Do you think that your cat might have a damaged or diseased tooth? If so a dental extraction may be required. Today, our Westminster vet dentists discuss common reasons for cat tooth extractions, and what to expect after your cat's oral surgery.
Dental Care for Cats
Bringing your cat to our vets for a dental appointment is much like taking your feline friend to a cat dentist for professional oral healthcare.
At Wachusett Animal Hospital we provide complete dental care for your cat, including basics such as dental exams, teeth cleanings, polishing and dental X-rays as well as more complex procedures such as surgeries including cat tooth extractions.
Cat Tooth Extractions
A cat tooth extraction is when a tooth is surgically removed by a veterinary dentist. During the extraction process, your cat will be put under general anesthesia. This keeps them comfortable, prevents them from struggling, and allows our veterinary team to safely complete the extraction.
Why Your Cat May Need a Tooth Extraction
In most cases, a cat will have to have a tooth removed due to decay or advanced gum disease caused by poor oral hygiene. When a tooth is damaged beyond repair, it is important to remove it in order to prevent infection and pain caused by the decayed tooth.
After your cat has their diseased tooth or teeth removed, you should speak to your vet dentist about the proper home care for your cat to prevent their other teeth from becoming similarly decayed. You should also be sure to bring your cat in for regular professional dental cleanings and examinations. Good dental care is essential to your kitty's oral and overall health.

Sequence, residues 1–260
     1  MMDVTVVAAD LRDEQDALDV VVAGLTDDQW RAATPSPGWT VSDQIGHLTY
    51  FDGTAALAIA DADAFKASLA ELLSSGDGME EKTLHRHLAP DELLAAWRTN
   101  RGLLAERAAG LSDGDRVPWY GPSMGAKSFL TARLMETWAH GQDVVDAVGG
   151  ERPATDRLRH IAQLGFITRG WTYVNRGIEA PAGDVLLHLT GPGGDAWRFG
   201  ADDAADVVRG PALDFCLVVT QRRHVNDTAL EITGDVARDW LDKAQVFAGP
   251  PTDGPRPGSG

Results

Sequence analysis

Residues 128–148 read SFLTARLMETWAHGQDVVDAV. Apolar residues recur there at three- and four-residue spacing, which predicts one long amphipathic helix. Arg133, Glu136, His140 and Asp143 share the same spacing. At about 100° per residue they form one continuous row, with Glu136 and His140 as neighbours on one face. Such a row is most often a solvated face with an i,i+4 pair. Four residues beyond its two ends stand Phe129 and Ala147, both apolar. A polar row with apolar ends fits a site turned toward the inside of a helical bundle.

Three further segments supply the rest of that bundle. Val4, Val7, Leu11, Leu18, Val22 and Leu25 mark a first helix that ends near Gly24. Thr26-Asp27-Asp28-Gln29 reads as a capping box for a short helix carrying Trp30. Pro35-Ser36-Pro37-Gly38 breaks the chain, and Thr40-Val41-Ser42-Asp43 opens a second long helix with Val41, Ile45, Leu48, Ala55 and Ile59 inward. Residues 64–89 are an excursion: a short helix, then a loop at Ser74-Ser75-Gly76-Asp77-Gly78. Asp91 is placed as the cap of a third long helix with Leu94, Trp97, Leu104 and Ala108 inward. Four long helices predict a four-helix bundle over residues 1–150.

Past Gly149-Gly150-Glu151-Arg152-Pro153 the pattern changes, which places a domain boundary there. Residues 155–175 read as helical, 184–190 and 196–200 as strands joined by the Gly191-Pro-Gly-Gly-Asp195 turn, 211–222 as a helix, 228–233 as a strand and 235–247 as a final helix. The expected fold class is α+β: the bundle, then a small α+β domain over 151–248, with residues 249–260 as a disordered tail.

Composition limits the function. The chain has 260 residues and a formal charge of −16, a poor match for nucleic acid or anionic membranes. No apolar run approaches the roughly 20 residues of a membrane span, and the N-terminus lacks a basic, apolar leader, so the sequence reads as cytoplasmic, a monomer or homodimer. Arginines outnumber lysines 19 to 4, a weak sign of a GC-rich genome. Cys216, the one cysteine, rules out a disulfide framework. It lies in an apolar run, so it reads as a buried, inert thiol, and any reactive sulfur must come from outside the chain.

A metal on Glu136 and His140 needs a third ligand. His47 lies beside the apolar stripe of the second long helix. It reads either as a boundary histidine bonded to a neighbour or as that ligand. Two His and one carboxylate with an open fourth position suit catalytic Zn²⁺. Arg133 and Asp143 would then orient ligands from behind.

Besides the common cause of gum disease and decay, your cat may also need a tooth removed for the following reasons:
- Fractured or broken teeth - Broken teeth can lead to painful abscesses and infection.
- Deciduous teeth - Baby teeth that do not fall out on their own may need to be removed.
- Oral tumors - The treatment of tumors may involve the extraction of nearby teeth.
- Orthodontic abnormalities - Just like humans, sometimes cats have teeth where they don't belong.
Your Cat's Recovery From Dental Surgery
Teeth all are held into our mouths by roots. In cats, as many as three roots can be holding an individual tooth. To fully extract a tooth, all roots must be removed.
During your cat's dental surgery, they will be under the effects of anesthesia. When they wake up they will very likely be groggy or lethargic for the remainder of the day - this is completely normal.
As the recovery from this procedure is relatively quick, you should be able to bring your pet home on the same day as the procedure. If your pet eats primarily hard kibble, you can soften it in warm water prior to serving it for the first few days.
Possible Post-Surgery Complications
Most cats heal well following tooth extraction surgery, there may be occasional instances of complications during the recovery process. Some of the symptoms to watch out for are:
- A foul odor coming from your cat’s mouth
- A slight swelling on the lower or upper jawline, or under the eye area; the eye may also seem to bulge or protrude from your cat’s head
- Refusal of food
- Drainage from the nose or mouth
- General sluggishness
- Pawing at the mouth or rubbing their face on the ground
- Dropping food while eating
You may also notice traces of blood in your cat's saliva. While this is normal, there should not be any significant bleeding. If there is, contact your veterinary dentist immediately.
Note: The advice provided in this post is intended for informational purposes and does not constitute medical advice regarding pets. For an accurate diagnosis of your pet's condition, please make an appointment with your vet.